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Breaking Down LifeSize's New Video Bridging Offerings
September 9, 2012 | David S. Maldow, Esq.
LifeSize recently put out a press release containing two announcements related to their video bridging solutions. In the simplest of terms, video bridging is what happens behind the scenes to allow for multiparty, or group, video meetings. The big story is the release of a new video bridging component for the LifeSize software based UVC platform. The second announcement is about an improvement to their existing hardware based video bridge. Let's take a quick look at what these announcements are really about, and what this means for LifeSize customers.
Software : LifeSize UVC Multipoint
UVC Multipoint is a software based solution offering H.323/SIP video bridging at up to 720p resolution. Meetings can support up to 60 participants, with 16 being visible on the screen at a time. UVC Multipoint is the latest addition to the UVC Platform, LifeSize's virtualized, software based, video infrastructure solution. UVC previously supported VC recording, streaming, firewall traversal, gatekeeping, as well as an MS Lync video calling feature.
The lack of a UVC bridging component was notable, particularly with all current industry activity regarding cloud based video bridging. UVC Multipoint nicely closes this gap, providing the expected benefits of a software based platform; Scalability, Affordability, and Ease of Use.
LifeSize notes that UVC Multipoint can be licensed on a port by port basis ($1,499 per HD port), for ultimate scalability. The solution was designed with the wave of BYOD / mobile videoconferencing in mind, as the layouts and resolutions supported are optimized for typical phones and tablets.
Hardware: LifeSize Bridge Clustering
The LifeSize Bridge is a 1080p hardware video bridge that competes well on price, but lacks scalability. With new support for clustering, up to 10 LifeSize Bridges can be connected and will work as if they are one massive bridge. This configuration gives these hardware bridges some of the advantages of some cloud based solutions, such as automatic failover. This means that if one bridge fails, calls are simply shifted to another bridge, without dropping the calls in progress. Another benefit of clustering is that ad-hoc callers will all dial into the same address, rather than a choice of 10 different bridge addresses (again, it acts as if it was one big bridge). Clustering provides an answer to the LifeSize Bridge scalability question, without sacrificing any of its advanced features or capabilities.
At first blush, offering both hardware and software bridging options appears to be a recipe for confusing customers. However, there may be some logic to this strategy. On the one hand, everyone is talking about cloud video bridging, and LifeSize needs to get in the game as fast as they can. One may argue about whether LifeSize should make its software bridging part of UVC, a stand-alone offering, or even a service (e.g. Blue Jeans, Vidtel, VidyoWay, etc.), but we can all agree that LifeSize customers want to enjoy the benefits of cloud based video as much as anyone else. It doesn't make sense for LifeSize to force them to look elsewhere. Nor does it make sense for LifeSize to turn away new customers looking for cloud based solutions, particularly as these same customers may be shopping for high definition videoconferencing endpoints.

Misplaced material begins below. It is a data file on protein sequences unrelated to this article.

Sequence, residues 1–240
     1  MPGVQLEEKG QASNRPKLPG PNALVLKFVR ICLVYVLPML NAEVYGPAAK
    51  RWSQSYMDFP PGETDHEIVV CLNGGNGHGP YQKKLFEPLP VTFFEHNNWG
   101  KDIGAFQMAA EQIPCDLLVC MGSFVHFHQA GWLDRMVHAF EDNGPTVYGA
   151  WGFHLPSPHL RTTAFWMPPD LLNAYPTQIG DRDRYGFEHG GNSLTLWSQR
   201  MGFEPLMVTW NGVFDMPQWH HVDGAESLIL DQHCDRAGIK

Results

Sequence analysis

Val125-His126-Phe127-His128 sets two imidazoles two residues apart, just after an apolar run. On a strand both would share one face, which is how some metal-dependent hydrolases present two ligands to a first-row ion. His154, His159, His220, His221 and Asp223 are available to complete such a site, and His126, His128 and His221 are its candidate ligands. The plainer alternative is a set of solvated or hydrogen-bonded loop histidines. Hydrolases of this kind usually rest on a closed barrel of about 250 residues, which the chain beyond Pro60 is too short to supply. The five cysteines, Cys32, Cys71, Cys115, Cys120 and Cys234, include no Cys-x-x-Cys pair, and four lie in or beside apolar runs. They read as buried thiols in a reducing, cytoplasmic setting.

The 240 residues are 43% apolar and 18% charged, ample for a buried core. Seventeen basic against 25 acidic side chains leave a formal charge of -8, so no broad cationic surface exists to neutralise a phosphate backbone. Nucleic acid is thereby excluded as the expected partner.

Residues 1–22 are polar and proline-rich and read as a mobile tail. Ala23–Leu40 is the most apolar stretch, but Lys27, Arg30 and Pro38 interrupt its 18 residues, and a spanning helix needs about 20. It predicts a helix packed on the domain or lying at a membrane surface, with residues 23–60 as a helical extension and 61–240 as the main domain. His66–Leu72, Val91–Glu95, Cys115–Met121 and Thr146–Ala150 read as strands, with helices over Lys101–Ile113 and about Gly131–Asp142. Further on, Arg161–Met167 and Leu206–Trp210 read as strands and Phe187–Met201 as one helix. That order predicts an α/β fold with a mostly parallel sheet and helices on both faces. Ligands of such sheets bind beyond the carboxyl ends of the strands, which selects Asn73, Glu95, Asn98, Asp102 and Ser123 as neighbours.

On the other hand, there is still a big demand for hardware based solutions, which offer a few benefits. For example, the hardware bridge can provide a higher resolution than the new UVC offering, and while 720p is generally sufficient for business use, 1080p is appreciated on those larger meeting room displays. The hardware bridge also supports other advanced features, such as increased layout options. Furthermore, some users may want to avoid cloud solutions so they can keep video on internal, protected, bandwidth for high profile conferences. For these reasons and others, consumers will continue to purchase hardware bridges, at least for the immediate future. LifeSize has a competitive bridge and there is no reason to abandon it simply because of the buzz around software bridging.
Right now the videoconferencing industry is at a somewhat painful transition point from hardware to cloudware. The traditional hardware bridge vendors (Cisco, LifeSize, Polycom, RADVISION/Avaya, etc.) are struggling to release cloud based capabilities as fast as they can develop them, while continuing to support and improve upon their hardware offerings. Meanwhile, customers are left befuddled by all the product changes and roadmap announcements. LifeSize, in the midst of this challenging atmosphere is trying to do what it is has always done, offer compelling, high performance solutions at prices well under current industry standards. The fight for business class video bridging just gets more and more interesting.
About the Author
David Maldow, Esq. is a visual collaboration technologist and analyst with the Human Productivity Lab and an associate editor at Telepresence Options. David has extensive expertise in testing, evaluating, and explaining telepresence and other visual collaboration / rich media solutions. David is focused on providing third-party independent analysis and opinion of these technologies and helping end users better secure their telepresence, videoconferencing, and visual collaboration environments. You can follow David on Twitter and Google+.
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